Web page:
That’s my thought process for every non-routine purchase. Instead of putting cash in an envelope marked “something for me” each month, I’ve trained myself to manage our money from the purchase point instead of an envelope full of cash that I mindlessly spend down. I can make an informed decision on whether or not I need or want something. I’m taking the time to decide whether this is going to bring me long-term happiness, short-term happiness, and whether the cost of the item is worth it. Had that tape dispenser been $15, plus new rolls of tape for $10, I probably wouldn’t have bought it. Because at that point, I’d be happier with a new shirt or new pants for $25. So I would have decided that my $25 is more valuable to me than to spend it on tape. That doesn’t necessarily mean that I go out and buy a shirt arbitrarily; it just means that I’ve decided that the value of that money is worth more to more towards something else than this item I’m currently contemplating.

OVERSPENDING

I see it over and over: people who budget seem to be the ones buying things they don’t really need. Instead of changing your mentality to be whether a purchase is necessary or is worth the price, the decision becomes “I have $300 left over, what can I do with it?” I see people have their sights on a product that they want. They build it up in their mind that it becomes unattainable, so when the extra money is there, they splurge on it. But did they ever step back and ask if it was really necessary or if their money could be put to better use in their overall wellbeing?

There’s a time and place for splurges. I understand that buying something you want makes you happy, in that moment. What if you thought: does my happiness in buying this gaming console outweigh the anxiety and frustration that I can’t pay my bills in a couple of weeks?

If you struggle to pay your rent month-to-month, then a large influx of money should be earmarked for future bills, not to splurge over and over again. An envelope system creates a reward-driven desire to your spending. The goal should be a more comfortable lifestyle where you’ve set yourself up for success instead of a groundhog-day-struggle to make ends meet.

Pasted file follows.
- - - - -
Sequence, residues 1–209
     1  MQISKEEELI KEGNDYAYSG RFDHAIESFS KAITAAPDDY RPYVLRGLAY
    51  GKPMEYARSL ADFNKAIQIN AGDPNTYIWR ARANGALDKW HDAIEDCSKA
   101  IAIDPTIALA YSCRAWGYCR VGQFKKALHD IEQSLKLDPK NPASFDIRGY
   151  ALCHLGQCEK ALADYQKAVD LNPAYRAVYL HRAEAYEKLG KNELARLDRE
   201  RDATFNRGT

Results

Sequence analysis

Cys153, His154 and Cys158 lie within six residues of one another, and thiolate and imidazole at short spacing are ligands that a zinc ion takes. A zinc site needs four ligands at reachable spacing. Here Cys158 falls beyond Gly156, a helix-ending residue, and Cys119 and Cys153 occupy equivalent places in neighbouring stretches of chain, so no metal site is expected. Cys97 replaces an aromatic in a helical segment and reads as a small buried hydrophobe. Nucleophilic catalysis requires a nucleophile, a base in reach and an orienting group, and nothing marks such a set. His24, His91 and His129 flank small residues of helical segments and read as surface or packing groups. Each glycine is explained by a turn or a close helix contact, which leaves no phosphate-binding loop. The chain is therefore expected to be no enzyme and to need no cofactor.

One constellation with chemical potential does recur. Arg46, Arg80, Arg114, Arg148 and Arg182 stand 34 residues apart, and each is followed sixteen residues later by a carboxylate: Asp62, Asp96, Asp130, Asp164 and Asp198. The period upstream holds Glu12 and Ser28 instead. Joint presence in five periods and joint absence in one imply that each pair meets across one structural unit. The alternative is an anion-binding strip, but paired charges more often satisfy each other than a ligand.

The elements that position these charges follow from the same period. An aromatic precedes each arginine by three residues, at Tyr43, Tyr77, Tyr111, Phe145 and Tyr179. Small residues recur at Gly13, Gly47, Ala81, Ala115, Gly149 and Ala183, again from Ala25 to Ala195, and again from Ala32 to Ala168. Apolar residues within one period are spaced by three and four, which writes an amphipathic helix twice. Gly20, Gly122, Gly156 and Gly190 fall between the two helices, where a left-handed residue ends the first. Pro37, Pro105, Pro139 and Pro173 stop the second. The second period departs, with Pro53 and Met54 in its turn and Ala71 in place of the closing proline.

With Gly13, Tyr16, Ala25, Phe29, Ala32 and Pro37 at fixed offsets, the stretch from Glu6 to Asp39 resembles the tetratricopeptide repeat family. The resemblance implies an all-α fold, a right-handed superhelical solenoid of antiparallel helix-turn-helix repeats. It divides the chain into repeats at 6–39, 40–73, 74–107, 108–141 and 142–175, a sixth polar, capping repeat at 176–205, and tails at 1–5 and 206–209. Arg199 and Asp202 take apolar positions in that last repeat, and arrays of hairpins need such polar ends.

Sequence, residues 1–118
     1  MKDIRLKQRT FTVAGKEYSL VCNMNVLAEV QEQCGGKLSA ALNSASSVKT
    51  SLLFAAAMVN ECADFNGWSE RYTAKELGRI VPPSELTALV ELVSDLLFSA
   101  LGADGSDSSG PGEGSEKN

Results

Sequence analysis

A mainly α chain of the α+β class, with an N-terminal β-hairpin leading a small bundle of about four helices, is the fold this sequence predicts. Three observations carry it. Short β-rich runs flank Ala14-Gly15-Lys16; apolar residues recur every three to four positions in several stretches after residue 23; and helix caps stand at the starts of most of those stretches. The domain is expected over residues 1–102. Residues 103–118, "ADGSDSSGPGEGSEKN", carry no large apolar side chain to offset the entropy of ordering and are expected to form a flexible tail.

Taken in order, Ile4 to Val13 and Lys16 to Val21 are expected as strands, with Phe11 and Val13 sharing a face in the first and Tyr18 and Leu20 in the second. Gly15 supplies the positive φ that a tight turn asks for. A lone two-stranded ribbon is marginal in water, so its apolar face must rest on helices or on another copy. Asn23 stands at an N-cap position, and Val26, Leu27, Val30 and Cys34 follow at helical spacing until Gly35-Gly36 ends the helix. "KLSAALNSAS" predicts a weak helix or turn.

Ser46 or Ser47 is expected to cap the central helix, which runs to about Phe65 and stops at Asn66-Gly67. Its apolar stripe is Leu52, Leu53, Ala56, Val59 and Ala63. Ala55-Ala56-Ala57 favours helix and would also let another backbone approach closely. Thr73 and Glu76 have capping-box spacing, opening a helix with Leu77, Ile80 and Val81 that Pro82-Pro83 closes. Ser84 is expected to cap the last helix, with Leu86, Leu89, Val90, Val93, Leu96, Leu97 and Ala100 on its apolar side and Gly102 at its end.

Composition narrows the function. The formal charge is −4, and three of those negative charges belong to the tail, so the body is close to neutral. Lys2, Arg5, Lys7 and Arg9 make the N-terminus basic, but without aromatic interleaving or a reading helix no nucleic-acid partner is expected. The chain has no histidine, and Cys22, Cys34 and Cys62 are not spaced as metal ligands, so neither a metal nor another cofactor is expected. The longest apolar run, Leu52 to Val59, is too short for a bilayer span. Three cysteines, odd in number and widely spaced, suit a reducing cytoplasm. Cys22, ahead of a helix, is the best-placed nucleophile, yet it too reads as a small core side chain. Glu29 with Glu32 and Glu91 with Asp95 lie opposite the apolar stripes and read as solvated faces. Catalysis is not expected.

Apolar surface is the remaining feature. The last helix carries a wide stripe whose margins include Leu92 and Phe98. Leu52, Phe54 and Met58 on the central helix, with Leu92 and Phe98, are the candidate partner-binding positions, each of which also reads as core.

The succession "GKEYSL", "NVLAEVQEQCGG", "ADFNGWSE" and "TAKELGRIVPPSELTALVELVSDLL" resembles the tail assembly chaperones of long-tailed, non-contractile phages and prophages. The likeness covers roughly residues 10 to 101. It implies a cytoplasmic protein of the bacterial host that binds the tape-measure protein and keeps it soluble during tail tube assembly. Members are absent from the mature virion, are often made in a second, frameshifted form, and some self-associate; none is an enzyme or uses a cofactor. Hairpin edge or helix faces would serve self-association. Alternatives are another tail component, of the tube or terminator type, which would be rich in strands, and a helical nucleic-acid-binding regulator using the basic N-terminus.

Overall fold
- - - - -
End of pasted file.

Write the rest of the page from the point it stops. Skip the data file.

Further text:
There have been several instances that I’ve seen in the last couple of months, but the one that really has been weighing on me happened in October when I was working.

I was working at the racetrack. It’s temporary work – working during the race meets and possibly during their horse sales. The Fall meet was 17 days. Depending on where you’re working, you can make some really good money. I happened to be placed in one of those locations, and next to me was a young girl. She complained of having to work two jobs and not getting a day off all month because she was working two jobs. She also shared that she struggles to “make a decent living,” and that she borrowed money from a friend to be able to pay rent on October 1.

The first day, we made over $400 in tips. The second day, she asked how we celebrated making that amount. I bought the Hatch sound machine. I’m going to assume that most of our readers have no idea what that is, but it’s a sound machine and a light that can be programmed for different needs (for instance, I wanted it to give our toddler the signal that it was OK to get out of bed). It’s $60. I had already looked into several options, and I had already determined that I was in a place in life where it was worth it to me to spend the money on the original than to attempt to buy a knock-off that doesn’t work great for $40. Personally, I was going to buy this thing regardless of what I made while working, but I used that as my example on what I splurged on with our unexpected earnings. She shared that she took her boyfriend out for a steak dinner. One celebration isn’t going to break the bank, but it became a routine. It wasn’t until the middle of the month that she said she had paid her friend back for helping her pay rent. That $150 you spent on one meal could have been prioritized to keeping a roof over your head, or being a good friend and paying your debt.

So often, I see someone else blamed for one person’s mistakes. It’s the greedy landlord’s fault that you need to pay rent. It’s the government’s fault for not increasing minimum wage. What if you stepped back and looked at your decision making? Did you buy the new gaming console and then struggle to pay rent on the first of the next month? Did you go to Costa Rica and then struggle to pay rent on the first of the next month? Did you buy that new gaming console, and not add to your savings for future planning? The televisions in our house aren’t huge, but they work. I don’t have a need to replace a working television simply so that I can have the newest technology and the biggest screen.

If you don’t create a relationship with money and an understanding of how to make informed decisions, you may end up with unnecessary expenses with money that could have been more productive. It’s time that you step back and look at your entire spending picture to know whether you’re truly budgeting and learning, or you’re mindlessly spending money because you’ve accepted that’s the cost.